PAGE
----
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Tuesday, February 19, 2013

Technicos: Ruffling those Scales

My beruffled sample
Looked nice, crisp and flat after a final seam allowance trim
I'm back from my unexpected family medical visit, though I will be making regular return trips for a bit. Good thing I put the Enchanted By Sewing podcast on hold until next month, so I can play catchup. During that visit I got behind in my samples for sewing class. It's tempting to hurry through the pile, but I found that careful work was a bit of a tonic after the stress of dealing with emotions and multi-tasking of the past week-plus.

I wasn't expecting the ruffles to be a big deal. Ruffling was the first sewing skill I ever learned. (I described my experiences in the 'cast as a little girl with a great big needle, a long thread and dolls that wanted dressing back in Episode 2: Romancing the Dress.) That's probably why I chose to get this sample done first, easiest first right?

The ruffles weren't a pain to sew, but I did focus on a few things I hadn't learned in my long unstudied sewing career. This ruffling experience reminded me of learning versus practicing piano scales. Every pianist learns to play her scales, she gets the idea of the relationship between one note and another just as I long ago learned the basic idea of sewing ruffles by pulling a thread. But it's aware practicing and  attention to details, that turns the pianists pressure on the keys into a thing of beauty.  I realized while working on this sample that it wasn't enough that I knew how to gather fabric on a thread. It's repeated practice with this basic skill, and attention to what makes them look crisp that improves my sewing performances.


While I was sewing, pressing and trimming, I found myself singing a little tune from one of my daughter's favorite Disney movies, the "Aristocrats"



Do mi do mi do so mi do
Every truly cultured music student knows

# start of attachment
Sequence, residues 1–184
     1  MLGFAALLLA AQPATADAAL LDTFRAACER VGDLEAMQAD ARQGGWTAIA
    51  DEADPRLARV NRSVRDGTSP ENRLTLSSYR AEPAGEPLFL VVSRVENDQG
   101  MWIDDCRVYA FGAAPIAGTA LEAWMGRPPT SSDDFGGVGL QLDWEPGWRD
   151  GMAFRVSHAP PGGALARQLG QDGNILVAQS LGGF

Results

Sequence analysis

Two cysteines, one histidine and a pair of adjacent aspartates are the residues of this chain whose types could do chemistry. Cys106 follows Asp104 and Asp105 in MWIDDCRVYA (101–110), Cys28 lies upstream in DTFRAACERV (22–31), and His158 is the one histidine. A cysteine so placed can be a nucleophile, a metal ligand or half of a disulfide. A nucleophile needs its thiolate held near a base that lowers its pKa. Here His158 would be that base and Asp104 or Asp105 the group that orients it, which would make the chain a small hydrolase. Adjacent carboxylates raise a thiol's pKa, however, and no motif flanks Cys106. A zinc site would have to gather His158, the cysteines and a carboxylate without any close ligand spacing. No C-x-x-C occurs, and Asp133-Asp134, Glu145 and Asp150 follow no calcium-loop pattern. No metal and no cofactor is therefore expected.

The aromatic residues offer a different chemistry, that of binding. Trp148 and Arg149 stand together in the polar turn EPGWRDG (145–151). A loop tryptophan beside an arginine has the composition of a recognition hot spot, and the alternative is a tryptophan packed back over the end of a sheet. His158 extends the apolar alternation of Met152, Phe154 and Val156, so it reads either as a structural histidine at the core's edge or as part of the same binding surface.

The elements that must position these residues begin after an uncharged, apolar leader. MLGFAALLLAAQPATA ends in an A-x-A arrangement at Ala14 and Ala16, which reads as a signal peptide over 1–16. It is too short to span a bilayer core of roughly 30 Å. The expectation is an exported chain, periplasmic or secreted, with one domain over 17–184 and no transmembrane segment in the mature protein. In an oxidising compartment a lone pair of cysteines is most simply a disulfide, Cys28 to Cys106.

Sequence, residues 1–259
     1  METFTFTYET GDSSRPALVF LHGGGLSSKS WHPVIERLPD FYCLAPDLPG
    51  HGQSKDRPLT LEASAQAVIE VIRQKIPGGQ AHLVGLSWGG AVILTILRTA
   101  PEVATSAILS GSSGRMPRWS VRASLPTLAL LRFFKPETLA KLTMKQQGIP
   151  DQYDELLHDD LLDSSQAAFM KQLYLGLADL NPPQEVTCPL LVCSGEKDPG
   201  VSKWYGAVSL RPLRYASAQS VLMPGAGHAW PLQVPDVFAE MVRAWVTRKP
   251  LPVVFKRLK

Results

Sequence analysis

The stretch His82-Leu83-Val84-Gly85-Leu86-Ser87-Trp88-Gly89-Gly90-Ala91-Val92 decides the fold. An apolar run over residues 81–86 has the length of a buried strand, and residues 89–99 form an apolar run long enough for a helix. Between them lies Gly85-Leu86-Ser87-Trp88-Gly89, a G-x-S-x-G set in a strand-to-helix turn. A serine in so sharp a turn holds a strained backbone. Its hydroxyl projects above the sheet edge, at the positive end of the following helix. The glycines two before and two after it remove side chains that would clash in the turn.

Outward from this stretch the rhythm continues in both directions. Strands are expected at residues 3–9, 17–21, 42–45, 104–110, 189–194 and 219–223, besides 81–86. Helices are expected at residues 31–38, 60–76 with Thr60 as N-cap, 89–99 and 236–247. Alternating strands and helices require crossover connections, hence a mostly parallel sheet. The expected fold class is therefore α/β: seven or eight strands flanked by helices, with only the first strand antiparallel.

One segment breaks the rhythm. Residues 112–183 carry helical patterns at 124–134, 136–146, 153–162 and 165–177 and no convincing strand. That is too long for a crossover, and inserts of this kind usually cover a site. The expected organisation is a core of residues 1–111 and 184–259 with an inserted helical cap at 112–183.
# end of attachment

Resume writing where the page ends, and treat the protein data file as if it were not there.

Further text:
You must learn your scales and your arpeggios
Bring the music ringing from your chest
And not your nose
While you sing your scales and your arpeggios

If your faithful to your daily practicing
You will find you progress is encouraging
Do mi so mi do me so mi fa la so it goes
When you do your scales and your arpeggios

Do mi so do

The goal was to create two ruffles. The top one (shown on the far left) is a self-faced ruffle, pretty on both sides. The lower (rightmost ruffle) is a narrow-hemmed embellishment.

Narrow-Hemming Trick

In order to turn a very narrow hem I've learned to run a row of stitching along the hem before pressing it under, then under again and pressing. My narrow hems now come out a lot straighter.

The pen is pointing out the midway little clip spot I used to help me align the ruffle as evenly as possibly.

Getting those ruffles to fill more evenly

I laid the little clip in line with the midway point on my supposed garment (imagine the yellow material is an apron skirt that I'm going to embellish with a fuffle on the hem. Then I pressed the ruffles. This is a new-to-me trick. It sure helps get them in place so I don't get too much ruff in one spot and too little in another

Nearly there, But Kind of Thick Behind
Removing Ruffle Bulk 
The ruffles are sewn down and pressed, but they look kind of thick, don't they? I flipped them over and trimmed the seam allowance for a nice improved flatter look.

Flatter and Crisper


Do mi do mi do so mi do

Every truly cultured sewing student knows
You must learn to trim and press your ruffles-Oo
Keep those folds from bulking up the seam
And on thy clothes
While you trim 
and press those lovely ruffles-Oo

If your faithful to your steady practicing
You will find you progress is encouraging
Do mi so mi do me so mi fa la so it goes
When
you trim and press those lovely ruffles-Oo

Do mi so doi

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